Although EU Member States may exercise freedom in their implementation of the Copyright Directive (2001/29), Article 8 requires that all sanctions and remedies resulting from infringement be effective, proportionate and dissuasive. In the case of Bastei Lübbe the CJEU held that a provision in German law, intended to protect the right to family and private life, infringed this requirement.
Background to the case
The issue arose in the context of litigation between a German phonogram producer of an audiobook and Mr Strotzer, the owner of an internet connection through which an infringement was committed. Under German law, there was a presumption that the owner of an IP address is responsible unless others had access to the connection when the infringement was committed. However, if family members had access, the presumption could be rebutted merely by naming a family member who had access; no further details about when and how the internet was used by that family member needed to be provided. Consequently, the court could not obtain disclosure of enough facts to establish who had committed the infringement.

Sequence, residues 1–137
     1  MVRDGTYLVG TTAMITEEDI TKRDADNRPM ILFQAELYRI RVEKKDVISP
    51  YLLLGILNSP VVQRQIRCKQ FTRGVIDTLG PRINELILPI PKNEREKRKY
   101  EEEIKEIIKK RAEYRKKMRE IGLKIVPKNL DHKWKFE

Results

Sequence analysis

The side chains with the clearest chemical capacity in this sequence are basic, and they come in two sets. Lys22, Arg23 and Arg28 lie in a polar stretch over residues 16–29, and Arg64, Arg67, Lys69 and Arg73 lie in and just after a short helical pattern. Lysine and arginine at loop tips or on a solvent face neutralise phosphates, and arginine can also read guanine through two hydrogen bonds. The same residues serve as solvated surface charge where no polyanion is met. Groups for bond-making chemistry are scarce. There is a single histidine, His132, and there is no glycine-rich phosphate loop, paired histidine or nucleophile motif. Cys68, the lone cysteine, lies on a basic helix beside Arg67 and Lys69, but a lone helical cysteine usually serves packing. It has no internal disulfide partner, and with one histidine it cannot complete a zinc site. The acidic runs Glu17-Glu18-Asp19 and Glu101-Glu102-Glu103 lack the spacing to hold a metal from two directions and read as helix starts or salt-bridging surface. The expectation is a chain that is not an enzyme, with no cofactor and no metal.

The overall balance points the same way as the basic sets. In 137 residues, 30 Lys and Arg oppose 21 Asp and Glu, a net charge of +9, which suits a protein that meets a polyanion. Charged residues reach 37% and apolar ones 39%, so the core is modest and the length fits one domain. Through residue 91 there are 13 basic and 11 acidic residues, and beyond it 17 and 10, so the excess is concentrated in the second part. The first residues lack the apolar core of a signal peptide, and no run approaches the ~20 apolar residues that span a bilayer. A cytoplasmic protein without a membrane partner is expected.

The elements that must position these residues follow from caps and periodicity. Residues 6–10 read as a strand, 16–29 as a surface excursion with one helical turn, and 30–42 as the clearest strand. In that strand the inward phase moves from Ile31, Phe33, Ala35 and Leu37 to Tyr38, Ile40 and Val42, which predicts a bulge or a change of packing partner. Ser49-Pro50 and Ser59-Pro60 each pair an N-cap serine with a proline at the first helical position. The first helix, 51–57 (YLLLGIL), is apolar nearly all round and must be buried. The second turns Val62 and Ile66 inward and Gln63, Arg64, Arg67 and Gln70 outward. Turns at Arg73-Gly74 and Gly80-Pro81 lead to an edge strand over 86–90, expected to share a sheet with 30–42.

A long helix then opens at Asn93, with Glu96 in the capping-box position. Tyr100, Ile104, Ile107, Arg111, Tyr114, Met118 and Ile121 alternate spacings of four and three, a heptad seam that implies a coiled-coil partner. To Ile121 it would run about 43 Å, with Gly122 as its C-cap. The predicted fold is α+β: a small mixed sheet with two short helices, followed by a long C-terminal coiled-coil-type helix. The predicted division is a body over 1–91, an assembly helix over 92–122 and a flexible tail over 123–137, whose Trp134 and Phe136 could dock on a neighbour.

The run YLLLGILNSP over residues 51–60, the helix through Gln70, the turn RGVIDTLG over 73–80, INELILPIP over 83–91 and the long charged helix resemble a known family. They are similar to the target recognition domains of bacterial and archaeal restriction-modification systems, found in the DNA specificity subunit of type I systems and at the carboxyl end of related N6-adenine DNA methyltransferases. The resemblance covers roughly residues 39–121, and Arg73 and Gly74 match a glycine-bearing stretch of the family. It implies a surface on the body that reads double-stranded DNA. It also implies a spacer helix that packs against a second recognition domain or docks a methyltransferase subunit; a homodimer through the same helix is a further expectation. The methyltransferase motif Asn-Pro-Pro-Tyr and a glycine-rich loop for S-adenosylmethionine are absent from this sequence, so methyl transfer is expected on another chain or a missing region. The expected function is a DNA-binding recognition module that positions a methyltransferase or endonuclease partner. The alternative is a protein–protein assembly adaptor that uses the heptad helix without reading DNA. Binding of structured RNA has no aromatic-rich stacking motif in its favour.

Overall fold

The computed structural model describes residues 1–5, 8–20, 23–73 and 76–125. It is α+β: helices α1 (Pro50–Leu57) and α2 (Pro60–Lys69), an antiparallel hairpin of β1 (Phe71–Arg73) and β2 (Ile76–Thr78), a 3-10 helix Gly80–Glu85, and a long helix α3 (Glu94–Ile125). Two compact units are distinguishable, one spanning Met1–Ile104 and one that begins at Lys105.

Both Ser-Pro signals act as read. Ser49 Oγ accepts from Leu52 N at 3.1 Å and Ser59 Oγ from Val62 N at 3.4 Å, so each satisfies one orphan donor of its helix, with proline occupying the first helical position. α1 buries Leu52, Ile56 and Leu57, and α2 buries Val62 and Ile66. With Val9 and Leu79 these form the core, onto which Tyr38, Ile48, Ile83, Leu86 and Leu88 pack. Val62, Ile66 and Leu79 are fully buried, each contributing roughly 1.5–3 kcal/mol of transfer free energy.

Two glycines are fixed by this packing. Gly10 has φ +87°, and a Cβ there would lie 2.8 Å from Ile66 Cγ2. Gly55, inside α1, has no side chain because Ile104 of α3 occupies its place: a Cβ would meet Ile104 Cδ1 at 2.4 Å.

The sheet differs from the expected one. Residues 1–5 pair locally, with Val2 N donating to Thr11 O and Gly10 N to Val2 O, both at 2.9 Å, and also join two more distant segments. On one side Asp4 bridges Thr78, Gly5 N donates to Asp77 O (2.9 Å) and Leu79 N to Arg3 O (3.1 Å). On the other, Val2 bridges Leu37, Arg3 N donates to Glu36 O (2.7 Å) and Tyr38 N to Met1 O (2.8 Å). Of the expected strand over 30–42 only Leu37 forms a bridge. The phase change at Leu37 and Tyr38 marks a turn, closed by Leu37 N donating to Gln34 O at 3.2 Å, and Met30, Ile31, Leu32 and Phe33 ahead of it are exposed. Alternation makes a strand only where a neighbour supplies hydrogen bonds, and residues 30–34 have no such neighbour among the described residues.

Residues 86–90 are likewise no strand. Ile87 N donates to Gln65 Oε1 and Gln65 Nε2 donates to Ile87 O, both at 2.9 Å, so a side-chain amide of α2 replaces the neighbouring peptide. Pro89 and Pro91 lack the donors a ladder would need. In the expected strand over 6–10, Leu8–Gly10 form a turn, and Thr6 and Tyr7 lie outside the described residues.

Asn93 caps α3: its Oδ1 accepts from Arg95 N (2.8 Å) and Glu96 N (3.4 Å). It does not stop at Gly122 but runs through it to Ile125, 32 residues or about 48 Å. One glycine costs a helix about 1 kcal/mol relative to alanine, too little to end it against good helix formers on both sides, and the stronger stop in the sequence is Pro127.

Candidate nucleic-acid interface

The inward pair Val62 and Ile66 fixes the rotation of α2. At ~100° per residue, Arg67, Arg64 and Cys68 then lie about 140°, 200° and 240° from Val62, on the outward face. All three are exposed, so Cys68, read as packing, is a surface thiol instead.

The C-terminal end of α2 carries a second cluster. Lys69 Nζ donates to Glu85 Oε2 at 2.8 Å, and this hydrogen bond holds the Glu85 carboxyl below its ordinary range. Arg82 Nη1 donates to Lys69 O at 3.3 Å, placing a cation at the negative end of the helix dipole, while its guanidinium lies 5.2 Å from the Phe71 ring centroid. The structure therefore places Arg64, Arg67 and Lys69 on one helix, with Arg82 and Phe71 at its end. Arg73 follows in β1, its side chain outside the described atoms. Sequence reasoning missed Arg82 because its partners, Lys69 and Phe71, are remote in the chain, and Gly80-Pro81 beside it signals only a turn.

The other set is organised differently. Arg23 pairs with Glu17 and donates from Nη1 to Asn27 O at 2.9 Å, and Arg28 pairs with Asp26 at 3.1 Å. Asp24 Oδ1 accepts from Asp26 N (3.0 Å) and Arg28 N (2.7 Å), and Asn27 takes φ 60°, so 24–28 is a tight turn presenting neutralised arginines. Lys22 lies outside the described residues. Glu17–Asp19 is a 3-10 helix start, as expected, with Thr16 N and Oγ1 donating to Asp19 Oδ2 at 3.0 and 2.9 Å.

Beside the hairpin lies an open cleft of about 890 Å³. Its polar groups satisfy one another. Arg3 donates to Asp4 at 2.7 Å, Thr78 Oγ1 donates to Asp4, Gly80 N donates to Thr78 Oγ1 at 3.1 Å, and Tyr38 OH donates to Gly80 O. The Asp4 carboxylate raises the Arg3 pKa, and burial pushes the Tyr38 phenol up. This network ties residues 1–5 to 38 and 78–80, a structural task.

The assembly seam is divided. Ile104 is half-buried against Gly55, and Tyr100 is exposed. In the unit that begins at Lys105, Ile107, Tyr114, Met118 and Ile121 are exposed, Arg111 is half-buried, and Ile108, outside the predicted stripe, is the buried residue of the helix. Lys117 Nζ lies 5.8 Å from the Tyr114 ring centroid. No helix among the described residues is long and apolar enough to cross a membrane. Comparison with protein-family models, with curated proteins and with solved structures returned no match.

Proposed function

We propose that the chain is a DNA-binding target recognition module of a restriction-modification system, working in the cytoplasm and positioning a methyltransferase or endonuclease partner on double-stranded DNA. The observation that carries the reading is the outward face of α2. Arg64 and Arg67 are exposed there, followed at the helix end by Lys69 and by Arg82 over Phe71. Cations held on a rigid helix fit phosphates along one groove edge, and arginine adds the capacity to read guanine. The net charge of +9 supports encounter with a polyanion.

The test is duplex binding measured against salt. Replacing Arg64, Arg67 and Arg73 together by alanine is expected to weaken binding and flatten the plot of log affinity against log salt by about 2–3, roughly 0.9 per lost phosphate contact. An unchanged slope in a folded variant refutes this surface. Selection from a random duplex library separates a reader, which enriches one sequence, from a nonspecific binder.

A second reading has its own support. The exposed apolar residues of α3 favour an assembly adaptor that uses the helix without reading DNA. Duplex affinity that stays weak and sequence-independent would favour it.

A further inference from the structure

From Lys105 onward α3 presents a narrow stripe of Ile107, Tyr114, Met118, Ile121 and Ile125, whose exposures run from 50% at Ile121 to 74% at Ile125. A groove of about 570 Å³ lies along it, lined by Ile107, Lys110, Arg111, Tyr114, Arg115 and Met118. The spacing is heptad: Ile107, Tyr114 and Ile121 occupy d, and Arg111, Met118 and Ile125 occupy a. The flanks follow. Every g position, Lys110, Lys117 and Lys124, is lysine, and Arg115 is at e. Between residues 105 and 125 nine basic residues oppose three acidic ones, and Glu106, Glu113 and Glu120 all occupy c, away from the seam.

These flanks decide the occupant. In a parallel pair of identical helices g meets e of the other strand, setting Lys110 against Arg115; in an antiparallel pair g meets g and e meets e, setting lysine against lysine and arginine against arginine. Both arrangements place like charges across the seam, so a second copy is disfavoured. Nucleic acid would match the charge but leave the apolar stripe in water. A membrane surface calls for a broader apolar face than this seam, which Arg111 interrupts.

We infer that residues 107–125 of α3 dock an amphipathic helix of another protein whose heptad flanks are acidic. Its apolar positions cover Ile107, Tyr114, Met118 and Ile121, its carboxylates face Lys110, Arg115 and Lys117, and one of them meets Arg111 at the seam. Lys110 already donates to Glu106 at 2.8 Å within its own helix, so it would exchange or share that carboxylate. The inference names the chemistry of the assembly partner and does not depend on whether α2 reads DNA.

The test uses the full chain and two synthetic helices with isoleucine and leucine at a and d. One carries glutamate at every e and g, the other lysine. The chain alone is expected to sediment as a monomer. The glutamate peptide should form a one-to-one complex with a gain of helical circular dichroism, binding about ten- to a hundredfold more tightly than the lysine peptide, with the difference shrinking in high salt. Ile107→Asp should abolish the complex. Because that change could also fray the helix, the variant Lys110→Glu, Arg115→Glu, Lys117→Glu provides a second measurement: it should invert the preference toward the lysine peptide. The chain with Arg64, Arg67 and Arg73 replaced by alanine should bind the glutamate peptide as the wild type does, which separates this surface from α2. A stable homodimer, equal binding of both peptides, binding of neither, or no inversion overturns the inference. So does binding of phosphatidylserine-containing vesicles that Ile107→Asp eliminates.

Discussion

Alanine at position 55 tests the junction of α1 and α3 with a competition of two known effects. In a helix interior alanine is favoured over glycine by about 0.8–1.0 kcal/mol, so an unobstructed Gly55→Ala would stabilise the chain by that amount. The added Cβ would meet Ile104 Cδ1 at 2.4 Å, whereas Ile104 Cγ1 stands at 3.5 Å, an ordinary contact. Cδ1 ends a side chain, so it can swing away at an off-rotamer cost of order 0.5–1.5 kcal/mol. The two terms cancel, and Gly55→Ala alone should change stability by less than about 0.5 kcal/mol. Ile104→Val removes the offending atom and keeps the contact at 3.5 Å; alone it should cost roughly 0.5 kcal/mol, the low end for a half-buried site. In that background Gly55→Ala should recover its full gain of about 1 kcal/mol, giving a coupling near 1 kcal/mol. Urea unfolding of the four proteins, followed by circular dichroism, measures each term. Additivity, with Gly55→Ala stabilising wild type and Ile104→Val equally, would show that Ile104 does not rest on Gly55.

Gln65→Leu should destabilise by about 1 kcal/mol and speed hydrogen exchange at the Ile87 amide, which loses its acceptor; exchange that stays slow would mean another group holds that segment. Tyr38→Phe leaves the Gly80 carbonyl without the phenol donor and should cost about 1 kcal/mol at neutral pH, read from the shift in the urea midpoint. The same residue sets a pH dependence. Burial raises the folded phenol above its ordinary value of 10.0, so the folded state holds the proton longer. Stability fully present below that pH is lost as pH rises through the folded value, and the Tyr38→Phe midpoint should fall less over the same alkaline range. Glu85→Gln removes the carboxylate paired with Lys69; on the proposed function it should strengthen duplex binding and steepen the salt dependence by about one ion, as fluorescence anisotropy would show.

The importance of effective remedies
The Court of Justice (CJEU) ruled that the German legislation was inconsistent with the Copyright Directive because it meant that there was no effective remedy for the copyright owner in this situation. It made it clear, however, that if there had been other effective measures in German law enabling the copyright owner to obtain a remedy the legislation would be allowable. Copyright owners will welcome the outcome of this case, which reinforces the CJEU’s emphasis on the existence of effective remedies for copyright infringement in national law.
Case: Bastei Lübbe (C-149/17) 18 October 2018